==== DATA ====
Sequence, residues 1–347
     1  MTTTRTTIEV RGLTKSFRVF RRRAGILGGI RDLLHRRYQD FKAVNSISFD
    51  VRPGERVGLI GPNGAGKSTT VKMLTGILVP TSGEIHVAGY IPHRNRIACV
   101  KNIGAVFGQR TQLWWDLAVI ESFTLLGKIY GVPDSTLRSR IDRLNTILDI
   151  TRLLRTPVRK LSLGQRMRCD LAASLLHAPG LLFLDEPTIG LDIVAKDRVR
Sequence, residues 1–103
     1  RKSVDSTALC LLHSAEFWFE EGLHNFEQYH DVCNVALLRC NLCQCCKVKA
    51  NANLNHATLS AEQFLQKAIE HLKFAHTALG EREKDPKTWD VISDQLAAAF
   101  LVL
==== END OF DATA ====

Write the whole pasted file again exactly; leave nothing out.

Sequence, residues 1–347
     1  MTTTRTTIEV RGLTKSFRVF RRRAGILGGI RDLLHRRYQD FKAVNSISFD
    51  VRPGERVGLI GPNGAGKSTT VKMLTGILVP TSGEIHVAGY IPHRNRIACV
   101  KNIGAVFGQR TQLWWDLAVI ESFTLLGKIY GVPDSTLRSR IDRLNTILDI
   151  TRLLRTPVRK LSLGQRMRCD LAASLLHAPG LLFLDEPTIG LDIVAKDRVR
Sequence, residues 1–103
     1  RKSVDSTALC LLHSAEFWFE EGLHNFEQYH DVCNVALLRC NLCQCCKVKA
    51  NANLNHATLS AEQFLQKAIE HLKFAHTALG EREKDPKTWD VISDQLAAAF
   101  LVL